Tuesday, June 9, 2015

What Is Creating the Worst Addiction Crisis America Has Ever Seen?

1. Cigarettes.
2. Alcohol.
3. Debt.
4. Powerful painkillers.

As I've said in an earlier post today, this week's cover of Time Magazine states the answer is powerful painkillers. Ain't that a hoot.

They're the most powerful painkillers ever invented.

And they're creating the worst addiction crisis America has ever seen.

There you have it. If it is in print, then it must be true. Here is a quote from the article to support the claim.

By 2011, 17,000 Anericans were dying every year from prescription-opioid prescriptions.

This would probably be a good time to point out that Time Magazine once declared snowboarding to be a fad. As an avid snowboarder in the 1980s, I never forgot that. I wondered, at the time, how many drugs they must have taken to state such a thing. Fad my @$$, lol. Sigh.

17,000 deaths may seem like a lot, and it is. However, in the real world we tend to take all the numbers and sort them before deciding upon the worst.

1. Cigarette smoking: 480,000 deaths per year.
2. Alcohol use: 88,000 deaths per year.
3. Total credit market debt: $58.7 trillion.
4. Prescription-opioids: 17,000 deaths per year.

Cigarettes, alcohol, and debt can be purchased over the counter, but prescription drugs are where the worst addiction crisis is? Yeah, right. Good luck on that theory.

This must be Pile on Time Magazine Tuesday! All the cool kids are doing it. I know I can't help myself. Sensationalized covers like this hurt us all. It certainly doesn't do my chronically in pain girlfriend any good. Not one bit.


Stagflationary Mark said...

February 2009
Balance, Uniformity and Fairness:
Effective Strategies for Law Enforcement
for Investigating and Prosecuting the Diversion of Prescription Pain Medications While Protecting Appropriate Medical Practice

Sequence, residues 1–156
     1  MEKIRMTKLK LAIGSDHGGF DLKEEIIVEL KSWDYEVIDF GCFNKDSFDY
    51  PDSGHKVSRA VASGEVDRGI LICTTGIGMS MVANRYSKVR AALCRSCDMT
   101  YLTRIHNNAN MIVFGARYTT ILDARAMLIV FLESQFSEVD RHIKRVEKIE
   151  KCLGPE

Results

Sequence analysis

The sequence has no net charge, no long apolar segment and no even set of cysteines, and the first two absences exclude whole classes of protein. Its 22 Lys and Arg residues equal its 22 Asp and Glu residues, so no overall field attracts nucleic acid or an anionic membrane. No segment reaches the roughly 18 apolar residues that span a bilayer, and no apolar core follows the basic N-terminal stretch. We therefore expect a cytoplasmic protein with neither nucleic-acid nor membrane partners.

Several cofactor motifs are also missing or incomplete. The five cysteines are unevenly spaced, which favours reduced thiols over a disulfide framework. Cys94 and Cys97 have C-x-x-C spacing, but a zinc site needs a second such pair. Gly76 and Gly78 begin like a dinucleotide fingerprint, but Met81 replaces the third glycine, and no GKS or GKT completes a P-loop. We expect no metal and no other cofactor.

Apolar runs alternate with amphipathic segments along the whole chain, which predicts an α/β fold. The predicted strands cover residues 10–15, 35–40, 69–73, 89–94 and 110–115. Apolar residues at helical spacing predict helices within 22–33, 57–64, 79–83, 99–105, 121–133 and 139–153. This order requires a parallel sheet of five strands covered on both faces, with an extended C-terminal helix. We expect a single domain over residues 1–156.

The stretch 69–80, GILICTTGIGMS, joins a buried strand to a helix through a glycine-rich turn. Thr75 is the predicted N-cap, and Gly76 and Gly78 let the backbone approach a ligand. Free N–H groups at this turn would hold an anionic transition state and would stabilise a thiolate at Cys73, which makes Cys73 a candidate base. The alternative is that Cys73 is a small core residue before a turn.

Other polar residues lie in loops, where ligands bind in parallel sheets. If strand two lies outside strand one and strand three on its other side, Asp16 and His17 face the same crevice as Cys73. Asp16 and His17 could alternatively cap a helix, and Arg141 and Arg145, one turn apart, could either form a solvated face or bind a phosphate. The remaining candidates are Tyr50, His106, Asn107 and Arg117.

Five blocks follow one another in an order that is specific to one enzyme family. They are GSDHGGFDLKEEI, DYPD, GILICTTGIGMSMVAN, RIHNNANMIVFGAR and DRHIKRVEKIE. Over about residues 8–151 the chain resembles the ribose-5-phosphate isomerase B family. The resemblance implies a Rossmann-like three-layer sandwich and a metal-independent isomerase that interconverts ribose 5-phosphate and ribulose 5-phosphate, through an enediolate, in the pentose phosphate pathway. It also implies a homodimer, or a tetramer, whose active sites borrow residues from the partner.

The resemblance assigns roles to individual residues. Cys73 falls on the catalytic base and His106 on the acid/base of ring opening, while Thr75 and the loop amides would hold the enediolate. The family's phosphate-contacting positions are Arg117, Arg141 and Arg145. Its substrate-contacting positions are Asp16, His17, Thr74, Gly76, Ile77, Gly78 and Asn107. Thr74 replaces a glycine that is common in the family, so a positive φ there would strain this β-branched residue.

But, on occasion, overly-sensationalized stories of investigation of doctors have hit the nightly news. When that happens, the resulting chilling effect reaches far beyond a “good” chilling effect on bad actors, and directly affects appropriate medical practice. The consequence is extreme, and not what law enforcement would ever seek – our parents and other loved ones who are in pain simply cannot get the medicines they need.

Shame on you Time Magazine! Shame! Shame!

Joseph Constable said...

I had been taking codeine for 10 years for a chronic neurological condition. I never even developed a tolerance for it as I knew it was possible so I took the Rx for only the worst nights when I couldn't stop the involuntary movements. My doctors trusted me.

Then the hysteria started. And the DEA got involved and told doctors to stop prescribing it. Doctors won't give it to me any longer forcing me to the black market. The very thing the DEA was trying to prevent. Seriously, one doctor told me she would get a visit and an audit.

I can get a nerve pain killer in place of codeine and it has some serious side effects. The bastards.

Stagflationary Mark said...

Joseph Constable,

I am so sorry for you. My girlfriend is coming up on 20 years now. The war on pain killers is ridiculous. We don't all stop driving just because some people seriously abuse the steering wheels and gas pedals.

I have a small hint of what you go through. I was given a total of 70 heavy duty pain pills when I got Shingles. I could have used 180 to be comfortable for four hours each day. The serious pain lasted about 90 days. That's not a whole lot of pills per day. I'd generally take some every other day to at least get some bang for the buck.

The first prescription was for 12 pills. The directions said take 1-2 every 4-6 hours as needed. It was pretty clear to me that I better not need 2 every 4 hours, or I'd be out in a day. And so the rationing began. One did nothing. Took two to get relief.